Cutting insurance costs through certification

by Laurel Brunner | 30/04/2018
Cutting insurance costs through certification

Laurel Brunner discusses the three types of certification categories and how businesses can reduce insurance costs via certification

Insurance companies are now paying more attention to certifications in the graphics industry. If you can demonstrate that you run your business efficiently, for example with a certification to ISO 9001or 14001 management standards, they believe you are a lower risk meaning that your business qualifies for reduced premiums. It’s an intriguing added dimension to the certification debate and one that hasn’t really been explored. It is a fundamental role for consultants to assist insurance companies to assess risk. It is also key for certification bodies who can tout another benefit in their certifications marketing.

We recently looked at a few of these schemes. Part of the exercise was risk assessment; however, a key deliverable was considering the robustness of various certification programmes. There are three certification categories that are determined by their probity. The simplest is to state that you can accomplish a specified level of conformity, for example matching the target values in ISO 12647, the process controls series for various printing methods. It is not necessary to have the claim confirmed because it is a fact based on your own view. Yet a claim is not principally robust. The buyer of your services has no way of knowing if you are able to do what you say you can do.

A more reliable option is a certification based on performing to a set of criteria that an outside provides which could confirm your competence with a software tool or that a press manufacturer’s technology can meet the ISO production quality standards. However, this is not guaranteed as the certification may be based on a commercial transaction. For example, Heidelberg presses are delivered with an SO 12647-2 certification, but that says nothing regarding the competence of the printing company to meet the ISO standards.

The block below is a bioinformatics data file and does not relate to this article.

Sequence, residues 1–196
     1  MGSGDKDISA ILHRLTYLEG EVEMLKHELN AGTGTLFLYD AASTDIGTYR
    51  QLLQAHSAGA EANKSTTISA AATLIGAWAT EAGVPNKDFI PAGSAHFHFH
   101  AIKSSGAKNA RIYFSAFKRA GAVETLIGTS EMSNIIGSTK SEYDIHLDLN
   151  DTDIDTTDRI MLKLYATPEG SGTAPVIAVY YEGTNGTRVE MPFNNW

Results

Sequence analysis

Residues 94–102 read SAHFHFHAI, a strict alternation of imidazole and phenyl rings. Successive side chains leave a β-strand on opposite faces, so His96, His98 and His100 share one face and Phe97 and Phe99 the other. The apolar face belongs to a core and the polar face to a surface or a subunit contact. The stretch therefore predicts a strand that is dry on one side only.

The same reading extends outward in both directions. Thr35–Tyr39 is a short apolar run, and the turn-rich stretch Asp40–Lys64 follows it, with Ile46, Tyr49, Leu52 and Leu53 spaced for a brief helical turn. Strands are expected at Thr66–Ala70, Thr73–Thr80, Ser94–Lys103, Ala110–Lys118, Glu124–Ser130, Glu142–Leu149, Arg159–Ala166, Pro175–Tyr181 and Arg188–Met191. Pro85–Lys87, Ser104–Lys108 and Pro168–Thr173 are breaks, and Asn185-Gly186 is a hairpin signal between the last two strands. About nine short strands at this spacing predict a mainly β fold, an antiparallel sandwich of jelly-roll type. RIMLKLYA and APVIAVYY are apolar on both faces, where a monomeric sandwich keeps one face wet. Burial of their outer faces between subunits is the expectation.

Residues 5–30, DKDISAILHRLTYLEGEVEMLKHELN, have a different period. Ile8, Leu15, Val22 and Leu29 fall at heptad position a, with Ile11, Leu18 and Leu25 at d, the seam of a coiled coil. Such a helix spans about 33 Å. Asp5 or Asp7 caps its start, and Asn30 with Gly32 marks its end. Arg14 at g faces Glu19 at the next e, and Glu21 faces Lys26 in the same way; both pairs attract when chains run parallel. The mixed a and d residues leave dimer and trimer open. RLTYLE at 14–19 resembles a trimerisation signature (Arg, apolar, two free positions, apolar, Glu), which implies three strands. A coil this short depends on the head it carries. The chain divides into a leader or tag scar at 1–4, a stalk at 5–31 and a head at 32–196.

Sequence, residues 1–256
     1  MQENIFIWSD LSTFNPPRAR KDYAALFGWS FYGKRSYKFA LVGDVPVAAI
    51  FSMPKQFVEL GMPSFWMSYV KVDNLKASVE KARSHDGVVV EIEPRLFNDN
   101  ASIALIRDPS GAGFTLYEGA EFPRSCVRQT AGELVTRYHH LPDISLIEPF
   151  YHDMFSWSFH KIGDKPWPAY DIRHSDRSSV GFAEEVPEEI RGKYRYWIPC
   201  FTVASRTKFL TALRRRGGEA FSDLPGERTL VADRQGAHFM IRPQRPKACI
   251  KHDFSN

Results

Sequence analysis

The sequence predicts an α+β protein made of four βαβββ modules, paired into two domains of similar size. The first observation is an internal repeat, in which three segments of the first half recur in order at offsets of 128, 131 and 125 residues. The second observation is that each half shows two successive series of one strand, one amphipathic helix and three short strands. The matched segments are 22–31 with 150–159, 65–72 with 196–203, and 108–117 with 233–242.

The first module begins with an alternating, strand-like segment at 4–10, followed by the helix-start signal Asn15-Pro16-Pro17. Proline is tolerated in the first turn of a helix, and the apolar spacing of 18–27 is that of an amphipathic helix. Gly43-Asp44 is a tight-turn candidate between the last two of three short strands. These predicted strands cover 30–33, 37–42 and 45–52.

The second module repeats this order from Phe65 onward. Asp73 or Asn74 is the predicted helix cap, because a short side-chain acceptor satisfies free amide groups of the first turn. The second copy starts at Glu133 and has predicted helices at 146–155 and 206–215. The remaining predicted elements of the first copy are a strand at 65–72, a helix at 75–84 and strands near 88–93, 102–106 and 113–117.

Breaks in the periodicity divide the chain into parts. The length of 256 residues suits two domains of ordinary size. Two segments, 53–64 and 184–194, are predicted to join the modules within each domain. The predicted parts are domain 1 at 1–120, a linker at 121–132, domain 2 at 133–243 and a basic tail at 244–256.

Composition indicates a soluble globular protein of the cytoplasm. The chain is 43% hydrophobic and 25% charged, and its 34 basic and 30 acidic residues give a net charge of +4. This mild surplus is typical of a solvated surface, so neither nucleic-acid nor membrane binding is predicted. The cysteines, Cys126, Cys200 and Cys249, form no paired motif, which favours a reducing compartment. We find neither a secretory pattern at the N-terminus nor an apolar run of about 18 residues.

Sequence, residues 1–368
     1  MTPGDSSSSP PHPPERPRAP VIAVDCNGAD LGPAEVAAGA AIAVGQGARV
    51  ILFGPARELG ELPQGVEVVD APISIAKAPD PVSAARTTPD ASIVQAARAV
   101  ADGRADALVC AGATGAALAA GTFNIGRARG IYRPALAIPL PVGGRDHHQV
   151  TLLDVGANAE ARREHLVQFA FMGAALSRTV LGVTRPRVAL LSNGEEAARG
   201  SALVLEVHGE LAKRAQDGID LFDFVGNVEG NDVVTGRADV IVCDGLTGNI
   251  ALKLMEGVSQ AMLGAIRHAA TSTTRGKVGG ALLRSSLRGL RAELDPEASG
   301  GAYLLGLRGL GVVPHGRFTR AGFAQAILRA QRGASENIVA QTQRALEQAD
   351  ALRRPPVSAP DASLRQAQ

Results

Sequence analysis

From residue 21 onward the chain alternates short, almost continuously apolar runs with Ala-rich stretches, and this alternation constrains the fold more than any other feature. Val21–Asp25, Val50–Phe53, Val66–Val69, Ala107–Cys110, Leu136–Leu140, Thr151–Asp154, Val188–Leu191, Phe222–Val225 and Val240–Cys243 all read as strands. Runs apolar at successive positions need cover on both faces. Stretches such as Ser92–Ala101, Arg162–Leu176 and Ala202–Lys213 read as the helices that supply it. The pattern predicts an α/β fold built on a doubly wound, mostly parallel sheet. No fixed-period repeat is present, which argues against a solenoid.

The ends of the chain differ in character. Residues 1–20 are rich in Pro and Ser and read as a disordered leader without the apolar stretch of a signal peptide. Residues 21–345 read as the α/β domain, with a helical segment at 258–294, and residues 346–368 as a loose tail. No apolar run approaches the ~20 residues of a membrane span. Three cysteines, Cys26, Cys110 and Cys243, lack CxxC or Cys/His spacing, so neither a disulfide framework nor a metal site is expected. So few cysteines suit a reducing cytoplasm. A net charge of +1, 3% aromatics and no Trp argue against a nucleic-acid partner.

The gold standard is a third-party certification where an outside auditor that is accredited by a standards certification body does the certifying. This is the most complex, time consuming and expensive option. Although, it has been discovered that companies that are certified to ISO 12647-2 (offset printing) are more effective and continuously have higher margins than printing companies which are not.
Companies that invest in robust certifications, for example 12647-2, ISO 14001 and ISO 9001 invest in their businesses, processes and building in efficiencies. The process of getting the certification alters a company, resulting in the owners and managers having more control over their own businesses. By having this control results in reduced risk. This is why third-party certifications are so valuable as they demonstrate high achievement and the likelihood of insurance claims due to avoidable fires and accidents or data going astray is reduced. It is an additional reason for printing companies to increase their game and tighten their operations.

Source: This article was produced by the Verdigris project, an industry initiative intended to raise awareness of print’s positive environmental impact. This commentary helps printing companies keep up to date with environmental standards, and how environmentally friendly business management can help improve their bottom lines. Verdigris is supported by the following companies: Agfa Graphics,, EFI, FESPA, HP, Kodak, Kornit Digital, Ricoh, Splash PR, Unity Publishing and Xeikon.

by Laurel Brunner Back to News


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